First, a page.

message 14: by Vivienne (new)

Vivienne (vivienneor) | 81 comments So then they should abide by those rules and allow disclaimers rather than punishing reviewers in this time wasting way.


message 15: by Vivienne (new)

Vivienne (vivienneor) | 81 comments Well here is a Catch 22 situation....advice anyone?


I've reviewed your ‪Amazon.com‬ account, and I see you received the Containment: An utterly gripping thriller about a deadly pandemic (A Jake Parker Thriller) for free or at a discount. We couldn’t accept your review(s) because we do not permit reviews that are posted in exchange for compensation of any kind, including free or discounted copies of the product. 

Yet:

From Amazon guidelines:
Book authors and publishers may continue to provide free or discounted copies of their books to readers, as long as the author or publisher does not require a review in exchange or attempt to influence the review.


message 16: by Vivienne (new)

Vivienne (vivienneor) | 81 comments And in another WTF moment


My review has appeared ......okay it’s time for a huge drink


message 17: by Vivienne (new)

Vivienne (vivienneor) | 81 comments NetGalley Support say that they are aware of Amazon changing posting rules in an inconsistent way and causing problems for member despite their review guidelines saying publishers and authors are able to make available review copies.

So it’s a Catch-22 situation.

Think the key is to drop terms like eARC, ARC and NetGalley and just indicate in a more subtle way as others have suggested.


message 18: by Karren (new)

Karren  Sandercock  (karrensandercock) | 23 comments I post my reviews on Amazon Australia and I say. I have been given a copy of this book in exchange for an honest review and they now accept them.


message 19: by Barbara (new)

Barbara (boingboing) | 15 comments Interestingly, if Amazon applied their own rules, nobody would ever be able to review their monthly Amazon prime free books or anything that they didn't buy at full price including all the library books, borrowed books and gifts received from others.


message 20: by Vivienne (new)

Vivienne (vivienneor) | 81 comments As the publicist I communicated with at Bookouture quipped Amazon be crazy 😹

Really chaotic rules.


message 21: by Barbara (new)

Barbara (boingboing) | 15 comments Amazon get a bug in their ear if they think anybody else - like NetGalley- is getting some kind of advantage without paying them for it.


message 22: by Vivienne (new)

Vivienne (vivienneor) | 81 comments Yeah even though reviews on publication day likely to encourage people to buy said books.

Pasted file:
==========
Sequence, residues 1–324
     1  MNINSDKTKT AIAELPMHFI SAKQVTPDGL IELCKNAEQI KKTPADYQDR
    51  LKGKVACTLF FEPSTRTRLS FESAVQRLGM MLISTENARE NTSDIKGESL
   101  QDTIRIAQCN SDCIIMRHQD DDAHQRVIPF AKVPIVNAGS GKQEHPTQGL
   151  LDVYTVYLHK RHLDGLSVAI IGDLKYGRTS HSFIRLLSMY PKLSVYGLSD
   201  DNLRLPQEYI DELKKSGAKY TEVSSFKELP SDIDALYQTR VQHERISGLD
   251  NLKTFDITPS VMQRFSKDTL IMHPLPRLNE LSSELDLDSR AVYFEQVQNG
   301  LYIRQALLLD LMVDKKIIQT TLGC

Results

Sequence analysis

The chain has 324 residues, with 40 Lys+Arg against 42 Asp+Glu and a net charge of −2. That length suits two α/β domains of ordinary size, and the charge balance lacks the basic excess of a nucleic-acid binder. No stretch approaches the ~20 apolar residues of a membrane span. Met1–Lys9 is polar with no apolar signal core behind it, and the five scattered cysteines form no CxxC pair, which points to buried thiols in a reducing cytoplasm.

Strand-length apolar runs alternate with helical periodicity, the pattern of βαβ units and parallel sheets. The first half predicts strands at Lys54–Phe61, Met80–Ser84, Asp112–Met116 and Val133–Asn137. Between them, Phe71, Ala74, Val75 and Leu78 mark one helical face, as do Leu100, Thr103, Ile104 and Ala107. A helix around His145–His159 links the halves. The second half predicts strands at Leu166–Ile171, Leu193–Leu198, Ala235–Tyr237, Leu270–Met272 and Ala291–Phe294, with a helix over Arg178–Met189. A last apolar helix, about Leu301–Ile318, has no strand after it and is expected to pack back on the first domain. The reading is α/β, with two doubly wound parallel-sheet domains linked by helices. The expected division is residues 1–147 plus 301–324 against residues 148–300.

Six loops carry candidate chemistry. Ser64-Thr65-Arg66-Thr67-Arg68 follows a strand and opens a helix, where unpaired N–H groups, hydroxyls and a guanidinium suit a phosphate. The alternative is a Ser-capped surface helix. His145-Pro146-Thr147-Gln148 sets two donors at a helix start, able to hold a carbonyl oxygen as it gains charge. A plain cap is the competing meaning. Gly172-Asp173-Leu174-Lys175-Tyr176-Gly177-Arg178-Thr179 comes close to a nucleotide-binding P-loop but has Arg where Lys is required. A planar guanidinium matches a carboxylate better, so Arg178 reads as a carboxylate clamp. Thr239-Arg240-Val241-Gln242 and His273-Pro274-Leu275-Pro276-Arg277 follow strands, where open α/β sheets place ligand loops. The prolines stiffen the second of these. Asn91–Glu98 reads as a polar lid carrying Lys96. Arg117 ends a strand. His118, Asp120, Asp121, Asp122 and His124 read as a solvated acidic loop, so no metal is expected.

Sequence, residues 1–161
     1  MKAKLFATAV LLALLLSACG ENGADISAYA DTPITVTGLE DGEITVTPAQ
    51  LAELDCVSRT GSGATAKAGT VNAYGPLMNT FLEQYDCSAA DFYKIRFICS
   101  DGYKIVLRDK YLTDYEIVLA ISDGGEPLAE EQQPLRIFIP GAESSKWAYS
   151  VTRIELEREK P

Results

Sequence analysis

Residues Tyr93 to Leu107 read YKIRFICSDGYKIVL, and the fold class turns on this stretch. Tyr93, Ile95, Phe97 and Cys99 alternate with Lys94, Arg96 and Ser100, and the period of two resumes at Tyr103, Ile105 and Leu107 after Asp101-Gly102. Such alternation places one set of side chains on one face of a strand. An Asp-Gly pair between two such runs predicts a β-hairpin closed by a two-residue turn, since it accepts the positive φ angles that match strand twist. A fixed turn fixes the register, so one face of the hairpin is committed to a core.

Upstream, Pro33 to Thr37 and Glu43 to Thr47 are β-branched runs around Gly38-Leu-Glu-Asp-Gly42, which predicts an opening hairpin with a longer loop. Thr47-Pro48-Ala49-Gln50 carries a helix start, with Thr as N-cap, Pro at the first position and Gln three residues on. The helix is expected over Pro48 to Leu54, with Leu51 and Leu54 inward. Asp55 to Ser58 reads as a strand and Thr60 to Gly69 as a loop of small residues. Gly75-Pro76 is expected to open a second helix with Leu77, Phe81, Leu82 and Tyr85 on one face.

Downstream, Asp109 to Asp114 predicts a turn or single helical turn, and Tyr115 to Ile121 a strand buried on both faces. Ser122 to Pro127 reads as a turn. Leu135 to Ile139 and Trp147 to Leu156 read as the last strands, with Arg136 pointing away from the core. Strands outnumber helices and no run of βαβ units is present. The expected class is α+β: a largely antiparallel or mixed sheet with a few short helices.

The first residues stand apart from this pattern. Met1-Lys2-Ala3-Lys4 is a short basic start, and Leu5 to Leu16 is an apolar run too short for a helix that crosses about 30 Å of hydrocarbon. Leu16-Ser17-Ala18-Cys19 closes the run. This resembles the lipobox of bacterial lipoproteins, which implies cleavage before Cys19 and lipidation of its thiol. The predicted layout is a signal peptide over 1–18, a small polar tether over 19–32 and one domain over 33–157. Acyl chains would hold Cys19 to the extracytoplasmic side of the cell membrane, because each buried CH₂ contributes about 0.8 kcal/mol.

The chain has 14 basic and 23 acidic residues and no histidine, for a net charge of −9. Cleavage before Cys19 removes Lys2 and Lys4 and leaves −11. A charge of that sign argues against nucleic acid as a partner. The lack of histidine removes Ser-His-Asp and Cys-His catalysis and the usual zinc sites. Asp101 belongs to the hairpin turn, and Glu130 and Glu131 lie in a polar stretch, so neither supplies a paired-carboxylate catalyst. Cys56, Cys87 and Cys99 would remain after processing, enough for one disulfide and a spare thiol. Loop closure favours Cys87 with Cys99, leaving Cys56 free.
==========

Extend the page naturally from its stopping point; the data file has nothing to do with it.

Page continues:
They clearly don’t understand the publishing industry. Review copies have been distributed for ages. I was the review editor for a small specialty magazine and we were inundated with review copies and proofs.


message 23: by Chelle - FlowerChildReads (last edited Sep 22, 2020 07:17AM) (new)

Chelle - FlowerChildReads (flowerchildreads) | 7 comments Interesting, the hypocrisy just drips. Amazon owns Goodreads. When you win a giveaway through Goodreads I’ve gotten not so subtle reminder emails prompting me to post my review if I haven’t by X date. I don’t have an issue, just making a point. I also review for Netgalley and LibraryThing. Only the Amazon affiliated program ‘virtually nags’ me for a review making it a very implicit part of the bargain. This doesn’t even touch the idea of Amazon’s Vine program, the number of Amazon orders I get with coupons included if I leave a 5 star review, or the follow up emails I get from vendors after I order asking for 5 star reviews.

Now we all know when we accept an ARC the idea is hopefully we will read it and review, creating interest, etc. As Vivienne shares its worked like this for ages. I post reviews on Amazon because it’s a major platform. Personally when I’m looking at book reviews, recommendations it’s the last place I’m going. I’m looking at Goodreads, talking to my indie bookseller, my librarian, my Bookclub peeps, a few trusted bloggers.

Sorry, let me tell you how I really feel. ;-) It’s so much red tape after we’ve obtained/been sent an ARC, read it, written a review, tried posting, and the big A decides they’re the only ones that can premarket or work with reviewers.